"I don't think anyone had really looked into the actual composition of the clinical waste before," says Monk. "It just got taken away and paid for. There was an assumption that it was exclusively clinical waste and that there was nothing else you could do but burn it."
It was the Department of Health's publication of Health Technical Memorandum 07-01: Safe Management of Healthcare Waste (HTM0701) that provided McAteer with a catalyst to get to grips with what was being categorised as healthcare waste at UCL.
Not so yellow peril?
This 'HTM' document brought in guidance on how healthcare waste should be classified. Says McAteer: "When the guidance came out, we knew we had to really understand what the composition of the waste was. At that point, UCL had a precautionary approach: a large proportion of the yellow bags were filled with both hazardous and non-hazardous wastes.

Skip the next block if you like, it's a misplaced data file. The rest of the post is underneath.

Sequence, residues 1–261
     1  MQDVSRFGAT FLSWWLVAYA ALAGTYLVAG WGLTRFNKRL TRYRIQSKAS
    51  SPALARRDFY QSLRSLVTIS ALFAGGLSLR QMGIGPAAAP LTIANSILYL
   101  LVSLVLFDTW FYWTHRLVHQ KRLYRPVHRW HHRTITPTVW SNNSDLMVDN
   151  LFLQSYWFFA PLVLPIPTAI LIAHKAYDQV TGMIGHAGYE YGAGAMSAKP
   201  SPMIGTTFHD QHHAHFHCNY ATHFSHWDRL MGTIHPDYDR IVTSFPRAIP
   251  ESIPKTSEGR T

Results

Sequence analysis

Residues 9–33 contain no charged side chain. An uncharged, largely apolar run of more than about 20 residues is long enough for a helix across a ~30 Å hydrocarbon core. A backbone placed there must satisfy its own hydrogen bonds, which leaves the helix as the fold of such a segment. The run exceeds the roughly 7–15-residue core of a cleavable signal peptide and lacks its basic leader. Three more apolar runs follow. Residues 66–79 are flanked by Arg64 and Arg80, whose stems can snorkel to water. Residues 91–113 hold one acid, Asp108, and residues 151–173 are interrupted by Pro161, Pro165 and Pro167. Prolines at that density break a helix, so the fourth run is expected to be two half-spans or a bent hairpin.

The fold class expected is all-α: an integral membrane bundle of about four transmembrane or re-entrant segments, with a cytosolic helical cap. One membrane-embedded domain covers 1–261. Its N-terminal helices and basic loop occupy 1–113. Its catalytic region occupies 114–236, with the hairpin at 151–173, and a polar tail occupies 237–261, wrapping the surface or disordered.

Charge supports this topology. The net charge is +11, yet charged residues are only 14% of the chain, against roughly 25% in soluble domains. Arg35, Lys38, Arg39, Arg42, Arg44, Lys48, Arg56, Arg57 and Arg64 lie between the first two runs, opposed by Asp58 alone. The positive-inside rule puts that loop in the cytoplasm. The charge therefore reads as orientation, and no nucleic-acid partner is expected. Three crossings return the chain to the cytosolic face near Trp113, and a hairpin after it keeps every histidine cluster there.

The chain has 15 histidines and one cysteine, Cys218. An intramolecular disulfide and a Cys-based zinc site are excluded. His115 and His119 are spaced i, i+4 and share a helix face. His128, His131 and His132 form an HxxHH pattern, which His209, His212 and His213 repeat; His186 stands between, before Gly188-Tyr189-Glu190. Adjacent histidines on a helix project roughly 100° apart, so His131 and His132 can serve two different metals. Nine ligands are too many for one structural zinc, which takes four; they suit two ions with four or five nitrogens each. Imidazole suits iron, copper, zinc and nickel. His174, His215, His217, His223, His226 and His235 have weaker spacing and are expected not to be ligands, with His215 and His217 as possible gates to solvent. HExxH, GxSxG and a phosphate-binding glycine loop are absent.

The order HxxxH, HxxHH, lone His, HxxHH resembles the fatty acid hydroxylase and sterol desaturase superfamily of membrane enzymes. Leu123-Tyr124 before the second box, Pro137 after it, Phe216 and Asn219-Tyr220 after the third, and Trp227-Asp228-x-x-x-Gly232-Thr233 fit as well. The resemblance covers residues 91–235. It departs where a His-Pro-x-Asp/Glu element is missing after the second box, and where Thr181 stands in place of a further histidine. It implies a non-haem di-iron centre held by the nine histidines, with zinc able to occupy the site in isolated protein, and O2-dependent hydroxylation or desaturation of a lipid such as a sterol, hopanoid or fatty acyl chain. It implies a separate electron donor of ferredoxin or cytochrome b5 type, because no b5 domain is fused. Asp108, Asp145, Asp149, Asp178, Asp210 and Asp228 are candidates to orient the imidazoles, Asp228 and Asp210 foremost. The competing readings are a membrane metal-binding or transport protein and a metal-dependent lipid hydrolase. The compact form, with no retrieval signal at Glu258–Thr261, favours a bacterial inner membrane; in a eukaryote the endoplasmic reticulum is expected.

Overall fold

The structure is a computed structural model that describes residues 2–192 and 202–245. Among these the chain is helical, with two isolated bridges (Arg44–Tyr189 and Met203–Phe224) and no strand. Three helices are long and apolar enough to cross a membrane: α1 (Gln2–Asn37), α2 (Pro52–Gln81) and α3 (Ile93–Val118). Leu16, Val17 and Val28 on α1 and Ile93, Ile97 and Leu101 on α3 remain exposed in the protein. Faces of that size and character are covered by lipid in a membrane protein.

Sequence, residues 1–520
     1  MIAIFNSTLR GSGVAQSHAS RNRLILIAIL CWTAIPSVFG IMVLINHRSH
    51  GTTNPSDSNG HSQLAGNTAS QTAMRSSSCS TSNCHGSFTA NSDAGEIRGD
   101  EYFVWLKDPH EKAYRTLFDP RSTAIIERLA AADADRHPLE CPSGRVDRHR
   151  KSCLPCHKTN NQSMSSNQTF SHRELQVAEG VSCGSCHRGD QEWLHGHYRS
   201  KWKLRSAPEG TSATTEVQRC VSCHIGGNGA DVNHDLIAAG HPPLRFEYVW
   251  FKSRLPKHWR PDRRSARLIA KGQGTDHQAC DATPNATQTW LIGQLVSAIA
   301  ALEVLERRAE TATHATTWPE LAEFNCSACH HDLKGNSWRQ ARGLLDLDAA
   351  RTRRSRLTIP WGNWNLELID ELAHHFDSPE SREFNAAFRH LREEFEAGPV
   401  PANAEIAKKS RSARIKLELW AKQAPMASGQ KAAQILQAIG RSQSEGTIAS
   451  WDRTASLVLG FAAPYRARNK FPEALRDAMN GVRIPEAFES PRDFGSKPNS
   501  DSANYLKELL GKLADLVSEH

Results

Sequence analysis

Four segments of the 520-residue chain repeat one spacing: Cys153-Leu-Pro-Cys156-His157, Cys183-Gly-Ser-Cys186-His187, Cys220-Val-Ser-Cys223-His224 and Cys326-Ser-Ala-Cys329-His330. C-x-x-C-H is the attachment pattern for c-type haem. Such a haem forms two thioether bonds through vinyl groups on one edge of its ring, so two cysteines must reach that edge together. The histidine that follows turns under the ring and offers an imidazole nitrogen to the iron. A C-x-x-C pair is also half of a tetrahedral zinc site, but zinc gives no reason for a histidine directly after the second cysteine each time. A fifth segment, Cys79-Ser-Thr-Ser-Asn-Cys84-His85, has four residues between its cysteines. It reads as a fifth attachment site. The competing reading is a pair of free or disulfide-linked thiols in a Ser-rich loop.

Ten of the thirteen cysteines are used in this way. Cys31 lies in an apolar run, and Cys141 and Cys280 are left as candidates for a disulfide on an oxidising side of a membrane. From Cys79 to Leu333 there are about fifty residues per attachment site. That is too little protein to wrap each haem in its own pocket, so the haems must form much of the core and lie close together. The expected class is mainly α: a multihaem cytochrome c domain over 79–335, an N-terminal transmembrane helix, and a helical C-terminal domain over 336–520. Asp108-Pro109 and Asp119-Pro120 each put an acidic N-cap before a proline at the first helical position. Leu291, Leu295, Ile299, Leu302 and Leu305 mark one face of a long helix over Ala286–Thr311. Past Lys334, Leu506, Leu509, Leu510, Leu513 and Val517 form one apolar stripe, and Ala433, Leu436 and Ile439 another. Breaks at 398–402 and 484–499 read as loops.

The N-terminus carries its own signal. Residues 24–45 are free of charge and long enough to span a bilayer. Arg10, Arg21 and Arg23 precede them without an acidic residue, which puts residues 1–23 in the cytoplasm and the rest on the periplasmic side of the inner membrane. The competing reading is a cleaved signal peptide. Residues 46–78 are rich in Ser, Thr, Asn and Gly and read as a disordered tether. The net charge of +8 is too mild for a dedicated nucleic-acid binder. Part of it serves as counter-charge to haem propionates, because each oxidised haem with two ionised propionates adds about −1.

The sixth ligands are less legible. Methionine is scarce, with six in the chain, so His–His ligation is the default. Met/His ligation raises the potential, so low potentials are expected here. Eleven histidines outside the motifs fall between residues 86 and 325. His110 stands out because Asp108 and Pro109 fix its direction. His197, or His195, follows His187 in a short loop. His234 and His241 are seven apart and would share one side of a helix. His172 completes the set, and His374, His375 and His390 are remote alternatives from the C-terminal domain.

"Everyone assumed that everything going into the yellow bags must be contaminated," explains Monk, "but it was clear that a lot of what was going into these bags wasn't hazardous. When we opened these bags we were finding coffee cups and all sorts of other odd things that shouldn't have been in there."
One building had particular issues as a result of being so far from the centre of UCL's Bloomsbury campus, so it was here that McAteer and Monk started. They weighed out the composites of the waste stream, taking each element from the bag, literally laying out the contents and taking photographs.
As a result of this work, McAteer and Monk were able to put together a report detailing just how much normal waste was being treated with the same sensitivity and cost of the healthcare waste.